Nokia really makes it hard for its fans sometimes.
Don’t get me wrong, I like Nokia handsets and like many others my first mobile phone was a Nokia. Also like many others, I haven’t stayed blindly loyal to the handset maker either, so jumped ship when better options came along. Since then, it ousted its CEO in favor off ex-Microsoft executive Stephen Elop and pledged allegiance to using Microsoft’s Windows Phone platform as its primary smartphone OS.
However, right up until February of this year, the Finnish manufacturer insisted it was keeping its options open for a potential tablet platform strategy. Even at the time, it was always unlikely it would walk anything other than the Windows route for tablets too, after all, it makes sense in terms of offering services and trying to create a unified experience across multiple devices, so if the rumors are correct and Nokia’s making a Windows RT tablet I can understand why it might. I just wish it wasn’t.
Best tablet forward
Nokia, along with a few other device makers, has kept conspicuously quiet on its tablet strategy, and there’s a good reason for this but don’t tell anyone: very few companies have worked out how to make serious money out of tablets, aside of Apple, Samsung and Asus. For a handset maker whose future looked uncertain, diving into the market with a reactionary tablet simply to have a product out there would have been the wrong move and would have likely hurt the company financially, as well as damaging its reputation further when it inevitably flopped.
What this means is that since the first iPad redefined what the tablet market would look like for the coming years in 2010, Nokia has had nothing to offer its fans. Still, there have been plenty of others to keep us busy, many of which weren’t very good and went on to die their own natural deaths. Remember the HTC Flyer? It didn’t do very well, by most accounts.
At least, at the end of last year HTC wasn’t committing to launching any more tablets in the near future and had already previously canned plans for an RT-based device, so it seems it too would rather wait until the market matured a bit before dipping its toes into the costly waters again. Also like Nokia, HTC has been battling to whip its balance sheet into better shape. Samsung did the same with its RT tablet at the beginning of the year.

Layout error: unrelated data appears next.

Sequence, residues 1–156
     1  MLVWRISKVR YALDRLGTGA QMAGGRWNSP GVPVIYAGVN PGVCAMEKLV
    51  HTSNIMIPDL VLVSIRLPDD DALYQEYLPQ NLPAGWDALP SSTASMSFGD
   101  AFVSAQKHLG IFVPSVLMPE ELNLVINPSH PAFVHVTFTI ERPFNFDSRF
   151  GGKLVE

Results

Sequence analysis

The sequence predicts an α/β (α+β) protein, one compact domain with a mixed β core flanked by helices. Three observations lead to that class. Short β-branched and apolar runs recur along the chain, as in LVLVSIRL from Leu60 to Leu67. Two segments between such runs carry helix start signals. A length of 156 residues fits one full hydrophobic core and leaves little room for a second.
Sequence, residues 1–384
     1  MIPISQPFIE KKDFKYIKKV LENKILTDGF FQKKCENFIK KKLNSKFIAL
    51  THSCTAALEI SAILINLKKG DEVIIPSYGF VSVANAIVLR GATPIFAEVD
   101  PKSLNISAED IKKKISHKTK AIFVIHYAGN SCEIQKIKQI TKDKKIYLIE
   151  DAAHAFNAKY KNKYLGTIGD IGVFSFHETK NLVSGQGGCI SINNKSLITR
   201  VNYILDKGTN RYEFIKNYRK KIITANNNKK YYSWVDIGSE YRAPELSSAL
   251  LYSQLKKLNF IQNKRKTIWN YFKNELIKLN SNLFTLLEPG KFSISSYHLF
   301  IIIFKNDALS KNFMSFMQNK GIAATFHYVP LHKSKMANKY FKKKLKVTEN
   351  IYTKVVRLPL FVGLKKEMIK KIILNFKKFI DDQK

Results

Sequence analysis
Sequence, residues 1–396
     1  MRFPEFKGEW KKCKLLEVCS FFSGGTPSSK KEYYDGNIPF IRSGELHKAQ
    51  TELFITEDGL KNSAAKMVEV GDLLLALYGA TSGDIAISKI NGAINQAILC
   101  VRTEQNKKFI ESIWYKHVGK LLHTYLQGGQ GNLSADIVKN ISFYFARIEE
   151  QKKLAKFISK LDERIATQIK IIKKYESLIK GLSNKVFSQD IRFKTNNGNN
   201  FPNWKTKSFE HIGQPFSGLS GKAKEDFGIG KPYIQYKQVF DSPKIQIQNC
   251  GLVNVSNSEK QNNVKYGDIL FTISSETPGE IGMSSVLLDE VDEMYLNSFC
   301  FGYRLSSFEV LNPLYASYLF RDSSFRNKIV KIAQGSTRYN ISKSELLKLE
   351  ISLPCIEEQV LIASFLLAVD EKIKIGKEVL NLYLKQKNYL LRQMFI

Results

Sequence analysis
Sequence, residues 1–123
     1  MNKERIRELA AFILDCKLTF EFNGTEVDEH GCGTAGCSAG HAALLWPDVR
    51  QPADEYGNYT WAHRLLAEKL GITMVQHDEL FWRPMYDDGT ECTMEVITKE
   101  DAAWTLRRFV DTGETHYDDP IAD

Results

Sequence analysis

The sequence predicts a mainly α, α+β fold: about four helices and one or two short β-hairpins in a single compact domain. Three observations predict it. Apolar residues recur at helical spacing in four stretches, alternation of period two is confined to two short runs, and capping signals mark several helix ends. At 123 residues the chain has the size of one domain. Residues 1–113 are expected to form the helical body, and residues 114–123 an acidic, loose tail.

Windows RT FTW?
To wait so long for Nokia to finally release a tablet, and then have it be a Windows RT (again, if rumors are correct) is a crushing disappointment. I used a Surface RT for a while when they launched; it was great hardware and virtually useless for my needs. I won’t blather on about all the reasons it was unsuitable, the RT’s shortcomings are well-documented enough already. And from the leaked specs (10.1-inch display, 2/3GB RAM, 32GB on-board storage) and pictures, if this Nokia tablet is legit, it appears to be a Surface RT-alike.
Which is exactly why Nokia making its own is a mistake. What the company needs, and what fans of the brand need, is reassurance that after a pretty major blip, things are back on track and looking bright for the future. Windows RT doesn’t say this, and unless it can buck the trend of other device makers that have rolled out RT devices only to see them flop, it won’t help the bottom line either.
I could see some sense in delivering a full Windows-based tablet, rather than the cut-down RT version, but to opt for a platform that has failed to prove a hit with manufacturers and buyers alike is madness. It was only this time last week that Asus said it was going to stop trying to make Windows RT tablets altogether. If you remember, Asus was one of the few names on the list of tablet makers actually making money from them, and it’s decided not to bother trying with RT anymore.
Hell, even Microsoft’s chief executive Steve Ballmer revealed that the company was having to take a $900 million hit in its most recent financials due to Surface RT “inventory adjustments”. Basically, it made too many of something no one wanted. Slashing the price drastically, which Microsoft did, isn’t going to increase demand, though it might sell a few more units here and there.
So, quite why Nokia would choose to walk this route is beyond me – perhaps using RT makes it eligible for platform support payments in the same way that using Windows Phone does?
Don’t misunderstand, I want Nokia to bring a tablet to market. The hardware maker still makes things that look and feel different to anyone else, and that’s exactly what I want to see in a tablet. But, what I don’t want to see under-the-bonnet is a half-baked, stripped-back OS that won’t even let me install my Web browser of choice.
I want a Nokia tablet, I just hope this isn’t the first one I see.
Featured Image Credit – Thinkstock